Wednesday, July 27, 2011

Mise en scene

For all practical purposes, you live in one commodious room.  To be sure, there is a small room for toilet, shower, sink, and some shelving for toiletries and supplies.  There is as well a small closet for clothing and shoes, even some shelves for storage.  And not to forget the most comfortable kitchen you've had relations with in at least twenty years.

Since you are now on your own, you've made a point of extending yourself to what you like to think of as a comfortable neatness.  The worst offense in your eyesight now is a pair of shoes, tossed to one side.True, there are a few corners where books that no longer fit in the available shelves, have begun to encroach,much in the manner of a group of ants that made their way in last week and which were put to rout with an application of, of all things, cinnamon.  Books will not respond so well to cinnamon, but something can and shall be done.

Your point is that your immediate surroundings look relatively tidy.  To put it another way, they do not look foreboding.  Alright, you do have Lupe in for three hours a week, and she is quite good as a reminder that you, too, need to keep things in order.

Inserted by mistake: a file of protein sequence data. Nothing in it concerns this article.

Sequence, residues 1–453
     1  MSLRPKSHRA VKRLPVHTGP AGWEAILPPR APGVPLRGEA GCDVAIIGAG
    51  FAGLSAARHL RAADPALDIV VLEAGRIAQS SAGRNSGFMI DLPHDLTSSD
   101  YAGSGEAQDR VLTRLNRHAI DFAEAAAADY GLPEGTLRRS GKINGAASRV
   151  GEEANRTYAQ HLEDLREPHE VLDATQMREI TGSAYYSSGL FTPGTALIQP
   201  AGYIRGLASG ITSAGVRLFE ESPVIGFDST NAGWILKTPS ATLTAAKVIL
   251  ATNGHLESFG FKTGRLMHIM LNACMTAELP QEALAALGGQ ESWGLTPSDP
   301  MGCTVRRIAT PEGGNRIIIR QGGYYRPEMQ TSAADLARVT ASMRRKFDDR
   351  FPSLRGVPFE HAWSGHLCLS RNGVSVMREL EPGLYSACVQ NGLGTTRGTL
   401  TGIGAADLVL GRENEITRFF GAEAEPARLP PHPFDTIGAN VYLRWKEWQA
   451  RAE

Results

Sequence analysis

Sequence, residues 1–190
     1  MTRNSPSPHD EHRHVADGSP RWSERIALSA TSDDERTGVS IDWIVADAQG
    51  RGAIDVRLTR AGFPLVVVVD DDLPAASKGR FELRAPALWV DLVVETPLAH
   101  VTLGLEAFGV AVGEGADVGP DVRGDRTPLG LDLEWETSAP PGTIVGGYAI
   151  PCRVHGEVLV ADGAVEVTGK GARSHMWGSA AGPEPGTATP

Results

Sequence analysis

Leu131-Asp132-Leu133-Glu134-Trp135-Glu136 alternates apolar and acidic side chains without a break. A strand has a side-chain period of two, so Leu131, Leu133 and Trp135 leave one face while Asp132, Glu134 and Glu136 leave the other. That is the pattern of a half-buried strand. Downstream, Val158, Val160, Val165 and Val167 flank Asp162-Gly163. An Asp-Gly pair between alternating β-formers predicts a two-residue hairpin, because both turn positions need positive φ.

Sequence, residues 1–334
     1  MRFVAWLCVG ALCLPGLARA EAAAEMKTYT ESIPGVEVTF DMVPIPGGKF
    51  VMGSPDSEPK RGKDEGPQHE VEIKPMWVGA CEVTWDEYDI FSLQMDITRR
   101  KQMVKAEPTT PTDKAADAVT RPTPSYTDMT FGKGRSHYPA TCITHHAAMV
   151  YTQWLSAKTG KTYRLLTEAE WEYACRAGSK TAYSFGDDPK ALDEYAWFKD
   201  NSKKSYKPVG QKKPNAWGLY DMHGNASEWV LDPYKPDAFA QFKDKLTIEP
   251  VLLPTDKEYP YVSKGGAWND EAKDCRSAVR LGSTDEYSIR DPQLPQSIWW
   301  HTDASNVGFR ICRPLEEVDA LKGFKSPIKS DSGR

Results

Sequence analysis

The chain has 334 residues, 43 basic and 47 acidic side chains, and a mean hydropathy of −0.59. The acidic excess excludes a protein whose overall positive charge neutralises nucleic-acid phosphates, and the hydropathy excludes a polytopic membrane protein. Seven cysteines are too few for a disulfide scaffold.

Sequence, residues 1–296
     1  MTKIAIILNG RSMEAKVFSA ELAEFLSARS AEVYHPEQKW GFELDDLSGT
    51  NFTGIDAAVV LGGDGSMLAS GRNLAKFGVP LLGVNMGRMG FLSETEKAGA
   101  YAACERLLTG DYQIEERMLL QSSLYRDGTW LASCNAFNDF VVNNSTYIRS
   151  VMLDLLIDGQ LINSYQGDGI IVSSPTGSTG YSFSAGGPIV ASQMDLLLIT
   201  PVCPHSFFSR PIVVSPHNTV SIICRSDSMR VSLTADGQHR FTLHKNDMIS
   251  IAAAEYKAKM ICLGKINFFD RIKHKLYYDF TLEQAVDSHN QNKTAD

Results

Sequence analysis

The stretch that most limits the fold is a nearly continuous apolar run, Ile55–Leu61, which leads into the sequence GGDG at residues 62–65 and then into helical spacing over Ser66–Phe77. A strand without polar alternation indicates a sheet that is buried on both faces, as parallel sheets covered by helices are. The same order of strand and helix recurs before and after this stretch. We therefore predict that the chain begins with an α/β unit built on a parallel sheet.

Thus the leap from neatness of home to the metaphor for story and essay; you are inviting guests into a landscape each time you set forth.  Shoes should not be left lying about.  Ants should be warded off with a Maginot Line of cinnamon at the back door.  The flowers should be kept fresh or discarded.  Dishes washed. Etc.

Even if your fictional or essay landscapes are chaotic, noir, or otherwise afflicted with some cultural or personal malaise, they should be in their appropriate way inviting.  Even if the only guest is you, the landscape must be made inviting, however thematic in its awfulness or implication.  The characters may make a perfect botch of things, but as you direct their responses, you should allow no distancing or distracting behavior; the reader should see character-induced chaos, not authorial sloppiness.

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